• Improved Separation Technologies: Investment in more advanced separation technologies can help separate materials more efficiently and cost-effectively based on their physical and chemical properties.

These factors highlight why a difference in melting points is a challenging aspect in the recycling process of multi-materials, and emphasize the importance of innovation and careful material selection in product design for sustainability goals.

Which monomaterials are possible for artificial grass?

Various raw materials are available for artificial grass that can be used as monomaterials. Below, we explain the advantages and disadvantages!

Polyethylene (PE) is a widely used thermoplastic polymer, meaning it can be melted to a liquid state and then solidify again when cooled. It is known for its strength, durability and versatility, making it a popular choice for a wide range of applications.

  • Quality of recycled material: PE can be recycled several times without significant loss of quality, provided the recycling process is carried out carefully. The type of PE (e.g. HDPE or LDPE), the purity of the separated materials, and the recycling technique all play a role in maintaining material quality after recycling.
  • Reduction of properties: Although PE is relatively stable, repeated recycling can eventually lead to degradation of certain physical properties such as tensile strength and flexibility. Additions of virgin (new) material during the recycling process can help maintain material properties.
  • Applications of recycled PE: Recycled PE is widely used in products where there are less stringent material requirements, such as plastic bags, containers, and non-food packaging. For applications where higher material requirements apply, such as in the medical sector or food packaging, virgin PE is often used.

Durability over Years of Use

  • Resistance to environmental factors: PE is chemically resistant and waterproof, which contributes to its long life. However, it is sensitive to UV radiation, which can lead to discolouration and weakening of the material if not adequately stabilised for sunlight exposure.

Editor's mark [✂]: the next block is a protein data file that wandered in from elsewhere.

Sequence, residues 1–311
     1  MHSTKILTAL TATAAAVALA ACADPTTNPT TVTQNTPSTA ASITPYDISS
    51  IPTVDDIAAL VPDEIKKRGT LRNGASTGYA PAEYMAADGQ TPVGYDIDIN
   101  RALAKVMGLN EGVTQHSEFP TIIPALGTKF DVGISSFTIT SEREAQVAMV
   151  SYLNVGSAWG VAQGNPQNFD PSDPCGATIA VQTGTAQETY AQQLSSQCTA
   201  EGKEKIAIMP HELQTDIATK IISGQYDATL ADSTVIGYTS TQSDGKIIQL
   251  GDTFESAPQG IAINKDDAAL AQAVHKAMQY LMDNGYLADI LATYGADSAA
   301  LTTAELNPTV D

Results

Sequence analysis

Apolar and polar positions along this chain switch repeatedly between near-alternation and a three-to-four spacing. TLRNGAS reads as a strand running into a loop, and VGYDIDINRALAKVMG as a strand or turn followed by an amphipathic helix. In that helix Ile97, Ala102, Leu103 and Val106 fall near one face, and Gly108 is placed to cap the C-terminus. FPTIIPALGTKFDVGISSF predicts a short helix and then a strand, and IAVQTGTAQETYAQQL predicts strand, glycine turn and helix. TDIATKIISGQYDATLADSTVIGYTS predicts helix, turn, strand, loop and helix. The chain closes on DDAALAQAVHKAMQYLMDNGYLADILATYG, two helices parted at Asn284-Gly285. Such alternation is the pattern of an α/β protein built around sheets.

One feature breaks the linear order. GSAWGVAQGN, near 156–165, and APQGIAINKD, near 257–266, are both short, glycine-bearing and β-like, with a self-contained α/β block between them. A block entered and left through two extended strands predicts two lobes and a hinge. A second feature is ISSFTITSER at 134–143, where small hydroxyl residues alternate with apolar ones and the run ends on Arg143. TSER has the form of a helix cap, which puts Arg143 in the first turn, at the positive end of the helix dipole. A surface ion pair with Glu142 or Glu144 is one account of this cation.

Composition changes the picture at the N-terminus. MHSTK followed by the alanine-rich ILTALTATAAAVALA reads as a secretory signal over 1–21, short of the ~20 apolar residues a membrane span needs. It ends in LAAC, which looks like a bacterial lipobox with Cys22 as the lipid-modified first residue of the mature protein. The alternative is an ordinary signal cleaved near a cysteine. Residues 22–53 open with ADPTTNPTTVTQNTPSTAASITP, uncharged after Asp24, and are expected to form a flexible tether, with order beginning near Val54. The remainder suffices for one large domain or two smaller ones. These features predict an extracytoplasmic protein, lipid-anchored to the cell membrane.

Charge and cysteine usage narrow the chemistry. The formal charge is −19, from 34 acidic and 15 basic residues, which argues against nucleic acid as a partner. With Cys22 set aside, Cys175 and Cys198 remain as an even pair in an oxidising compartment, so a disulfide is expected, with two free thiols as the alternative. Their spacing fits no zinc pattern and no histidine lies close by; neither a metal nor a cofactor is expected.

• Lifespan: The lifespan of products made of PE can vary from a few years to several decades, depending on environmental factors and the quality of the material. For example, in construction applications, PE pipes can last more than 50 years underground without significant degradation.
  • Degradation through use: Mechanical wear, constant exposure to high temperatures, and chemical exposure can all contribute to the degradation of PE over time. Under normal conditions of use, however, PE is a very stable material.

The choice of using recycled versus virgin PE often depends on the specific requirements of the product and the availability of high-quality recycled material. Innovations in recycling technologies and improvements in separation techniques are expected to further improve the quality and usability of recycled PE in the future.

Polypropylene (PP), like polyethylene (PE), is a commonly used polymer in the production of artificial turf. Using PP as a mono-material for artificial grass offers certain advantages, but it also has some limitations. Here are the main considerations:

Benefits of PP as a Monomaterial for Artificial Grass

  • Recyclability: PP is fully recyclable, making it an attractive option for applications where sustainability is a priority. When artificial grass is made entirely of PP, including the fibres and backing, it greatly simplifies the recycling process because the material is homogeneous.
  • Chemical resistance: PP is resistant to most chemical solvents, bases and acids, making it a durable material that resists well to different weather and soil conditions.
  • Cost: PP is generally cheaper than some other polymers, including certain types of PE. This can reduce the cost of producing artificial turf, which is especially important for large-scale applications.

Disadvantages of PP as a monomaterial for Artificial Grass

  • UV stability: Although PP resists many forms of abrasion well, it is less UV stable than PE unless it is adequately stabilised. UV radiation can cause discolouration and degradation of the material, which can shorten the life of the artificial grass.
  • Mechanical properties: PP is stiffer and less flexible than PE. This can affect the resilience and comfort of the artificial grass. It feels stiffer and will be less suitable for landscape applications, where comfort is important. For sports applications, where flexibility and resilience are important properties, this can also be a disadvantage.
  • Temperature sensitivity: PP has a higher melting point than PE but is also sensitive to cold temperatures where it can become brittle. This can be a problem in climates where extreme temperatures occur.


Whether PP is a good choice for mono-material artificial turf depends on the specific application and the required properties of the final product. For general use in landscaping and decorative applications, PP can be a cost-effective and durable choice, provided it is well stabilised against UV radiation. For sports applications or applications in climates with extreme temperatures, there may be better alternatives.

Designing artificial turf systems composed solely of PP can increase recyclability and contribute to sustainability goals, but it is important to balance environmental benefits with the functional requirements of the artificial turf.